(Reuters) – Chinese PC maker Lenovo Group reported a more than two-fold jump in first-quarter profit on Thursday, beating analysts’ estimates thanks to robust sales of personal computers.
FILE PHOTO: A man uses his laptop next to Lenovo’s logos during the Mobile World Congress in Barcelona, Spain February 25, 2016. REUTERS/Albert Gea
But the world’s largest maker of personal computers warned that the outlook remained uncertain due to the trade disputes between the United States and China.
“There is a complexity of macro risks arising from ongoing trade negotiations, import tariff changes implemented by countries and challenges alongside geopolitical uncertainties,” Lenovo, dual-headquartered in China and the United States, said in a statement.
U.S. President Donald Trump said this week that he would postpone imposing an additional 10% tariff on Chinese-made products including tablets and laptop computers until December, but would impose the tariffs on desktops from September.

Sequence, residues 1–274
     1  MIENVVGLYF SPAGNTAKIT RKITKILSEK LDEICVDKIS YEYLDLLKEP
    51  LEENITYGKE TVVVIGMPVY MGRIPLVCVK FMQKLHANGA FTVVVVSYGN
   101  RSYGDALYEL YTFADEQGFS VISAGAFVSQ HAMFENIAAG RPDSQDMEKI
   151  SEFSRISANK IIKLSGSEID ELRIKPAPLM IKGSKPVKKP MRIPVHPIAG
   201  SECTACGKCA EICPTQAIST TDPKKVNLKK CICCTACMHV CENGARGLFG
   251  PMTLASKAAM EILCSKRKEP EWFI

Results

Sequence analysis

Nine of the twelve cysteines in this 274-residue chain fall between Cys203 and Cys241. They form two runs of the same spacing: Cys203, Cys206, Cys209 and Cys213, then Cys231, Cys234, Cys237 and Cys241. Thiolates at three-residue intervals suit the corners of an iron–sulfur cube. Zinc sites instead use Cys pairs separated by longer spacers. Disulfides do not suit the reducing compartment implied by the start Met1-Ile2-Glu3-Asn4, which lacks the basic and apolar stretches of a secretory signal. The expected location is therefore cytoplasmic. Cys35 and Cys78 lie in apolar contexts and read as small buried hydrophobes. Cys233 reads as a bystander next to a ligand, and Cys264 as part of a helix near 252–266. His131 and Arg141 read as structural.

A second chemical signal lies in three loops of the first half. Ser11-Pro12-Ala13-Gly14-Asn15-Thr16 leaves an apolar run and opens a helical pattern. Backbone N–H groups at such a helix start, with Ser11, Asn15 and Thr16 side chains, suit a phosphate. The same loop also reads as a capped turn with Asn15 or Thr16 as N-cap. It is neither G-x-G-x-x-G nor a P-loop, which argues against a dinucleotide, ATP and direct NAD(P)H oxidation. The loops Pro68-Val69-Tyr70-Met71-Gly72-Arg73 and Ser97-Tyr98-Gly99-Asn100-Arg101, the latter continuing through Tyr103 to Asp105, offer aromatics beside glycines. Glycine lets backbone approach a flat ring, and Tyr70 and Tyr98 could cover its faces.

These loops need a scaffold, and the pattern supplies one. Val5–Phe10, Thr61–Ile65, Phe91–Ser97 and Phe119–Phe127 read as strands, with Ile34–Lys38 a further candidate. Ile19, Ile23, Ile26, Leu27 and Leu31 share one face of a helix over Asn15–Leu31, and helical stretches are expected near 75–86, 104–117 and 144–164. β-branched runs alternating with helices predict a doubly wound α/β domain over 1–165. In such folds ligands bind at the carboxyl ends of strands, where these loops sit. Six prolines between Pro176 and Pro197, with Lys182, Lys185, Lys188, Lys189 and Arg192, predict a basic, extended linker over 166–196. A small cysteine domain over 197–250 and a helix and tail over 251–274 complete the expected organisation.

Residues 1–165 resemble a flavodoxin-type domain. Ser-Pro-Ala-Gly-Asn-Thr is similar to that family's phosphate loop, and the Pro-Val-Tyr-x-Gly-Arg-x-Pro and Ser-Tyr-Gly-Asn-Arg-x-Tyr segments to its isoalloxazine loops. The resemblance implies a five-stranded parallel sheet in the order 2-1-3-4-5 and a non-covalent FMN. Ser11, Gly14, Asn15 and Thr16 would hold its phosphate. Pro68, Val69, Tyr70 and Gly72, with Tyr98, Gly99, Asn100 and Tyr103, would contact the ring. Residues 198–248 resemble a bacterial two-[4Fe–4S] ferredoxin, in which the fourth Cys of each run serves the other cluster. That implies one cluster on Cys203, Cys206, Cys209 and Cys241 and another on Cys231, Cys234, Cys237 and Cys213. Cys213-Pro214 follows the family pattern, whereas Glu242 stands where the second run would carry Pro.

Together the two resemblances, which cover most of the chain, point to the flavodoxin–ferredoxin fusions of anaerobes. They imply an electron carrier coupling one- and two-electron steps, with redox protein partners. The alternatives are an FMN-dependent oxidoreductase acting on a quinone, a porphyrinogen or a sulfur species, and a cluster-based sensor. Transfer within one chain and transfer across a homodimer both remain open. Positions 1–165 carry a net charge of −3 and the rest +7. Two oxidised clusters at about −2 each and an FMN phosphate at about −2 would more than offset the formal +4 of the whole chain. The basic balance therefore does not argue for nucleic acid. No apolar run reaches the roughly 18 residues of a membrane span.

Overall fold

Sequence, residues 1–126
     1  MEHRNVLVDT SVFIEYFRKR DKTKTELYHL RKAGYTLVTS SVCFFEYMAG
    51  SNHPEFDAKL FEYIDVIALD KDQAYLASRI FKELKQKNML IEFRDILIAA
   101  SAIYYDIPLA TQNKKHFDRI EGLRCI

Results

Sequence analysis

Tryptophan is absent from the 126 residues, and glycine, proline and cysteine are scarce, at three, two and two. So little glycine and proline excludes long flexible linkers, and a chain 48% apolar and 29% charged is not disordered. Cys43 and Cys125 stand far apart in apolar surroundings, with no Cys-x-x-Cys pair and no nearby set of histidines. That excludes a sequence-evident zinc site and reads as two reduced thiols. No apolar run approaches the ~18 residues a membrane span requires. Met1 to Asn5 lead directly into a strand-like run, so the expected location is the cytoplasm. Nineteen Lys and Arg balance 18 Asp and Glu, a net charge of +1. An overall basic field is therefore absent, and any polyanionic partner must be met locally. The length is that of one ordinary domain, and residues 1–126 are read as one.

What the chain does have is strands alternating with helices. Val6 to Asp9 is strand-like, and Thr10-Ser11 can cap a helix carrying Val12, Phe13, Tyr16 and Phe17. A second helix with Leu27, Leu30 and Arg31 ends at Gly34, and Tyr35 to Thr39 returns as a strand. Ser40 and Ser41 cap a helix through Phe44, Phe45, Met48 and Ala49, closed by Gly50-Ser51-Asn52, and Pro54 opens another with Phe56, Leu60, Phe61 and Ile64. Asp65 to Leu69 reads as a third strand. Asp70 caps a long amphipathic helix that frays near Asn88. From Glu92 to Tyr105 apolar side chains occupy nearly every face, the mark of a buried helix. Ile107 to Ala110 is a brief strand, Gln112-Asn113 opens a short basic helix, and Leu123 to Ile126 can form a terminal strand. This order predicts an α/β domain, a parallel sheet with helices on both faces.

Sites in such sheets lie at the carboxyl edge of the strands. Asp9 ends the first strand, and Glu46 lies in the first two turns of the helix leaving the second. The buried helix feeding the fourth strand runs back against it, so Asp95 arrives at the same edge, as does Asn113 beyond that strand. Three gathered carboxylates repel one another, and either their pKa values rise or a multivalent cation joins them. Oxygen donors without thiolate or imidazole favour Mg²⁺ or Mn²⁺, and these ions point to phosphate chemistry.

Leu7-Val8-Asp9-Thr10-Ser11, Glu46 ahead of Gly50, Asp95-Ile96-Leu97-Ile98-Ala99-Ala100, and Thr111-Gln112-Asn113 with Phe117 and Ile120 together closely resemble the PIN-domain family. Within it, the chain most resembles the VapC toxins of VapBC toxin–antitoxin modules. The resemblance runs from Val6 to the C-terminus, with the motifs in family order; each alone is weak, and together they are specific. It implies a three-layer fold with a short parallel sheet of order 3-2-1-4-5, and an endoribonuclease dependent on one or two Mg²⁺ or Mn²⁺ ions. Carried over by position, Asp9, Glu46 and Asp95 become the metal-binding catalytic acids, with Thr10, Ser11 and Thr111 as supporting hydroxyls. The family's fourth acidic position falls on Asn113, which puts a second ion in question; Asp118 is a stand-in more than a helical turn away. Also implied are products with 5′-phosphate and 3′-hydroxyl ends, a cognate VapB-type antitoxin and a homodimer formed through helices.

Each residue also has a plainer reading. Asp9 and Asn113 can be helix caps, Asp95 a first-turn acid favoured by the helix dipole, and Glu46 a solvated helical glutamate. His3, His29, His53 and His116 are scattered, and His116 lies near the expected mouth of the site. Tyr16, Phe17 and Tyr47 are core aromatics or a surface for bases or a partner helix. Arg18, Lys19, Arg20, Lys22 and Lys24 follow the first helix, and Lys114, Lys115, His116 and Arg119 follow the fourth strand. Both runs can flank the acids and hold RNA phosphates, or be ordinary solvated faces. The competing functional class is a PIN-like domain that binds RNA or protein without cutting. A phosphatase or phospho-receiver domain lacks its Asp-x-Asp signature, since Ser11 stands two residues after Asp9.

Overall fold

The global PC market grew 1.5% in the June quarter after falling for two consecutive quarters, as threats of increased U.S. tariffs on Chinese goods prompted some manufacturers to frontload shipments, industry analysts said.
Lenovo emerged as the biggest winner of the global PC market’s surprise rebound in the second quarter. Citing industry data, the company said it had a record 25.1% market share in the quarter.
Lenovo said it was the fastest growing PC maker among the top five manufacturers and its improved product mix also helped the business’ pre-tax profit margin rise to 5.4%, the highest margin attained ever in a fiscal first quarter.
Revenue from Lenovo’s personal computer and smart devices group grew 12%, while its mobile business group recorded a 9% fall in sales.
Lenovo’s PC and smart devices business generates more than three quarters of the group’s total revenue, which rose 5%.
Net profit rose to $162 million in the quarter ended June, compared with an average estimate of $154 million by nine analysts, according to Refinitiv data. Revenue rose to $12.51 billion, in line with expectations.
Reporting by Rushil Dutta and Sijia Jiang; Editing by Stephen Coates and Muralikumar Anantharaman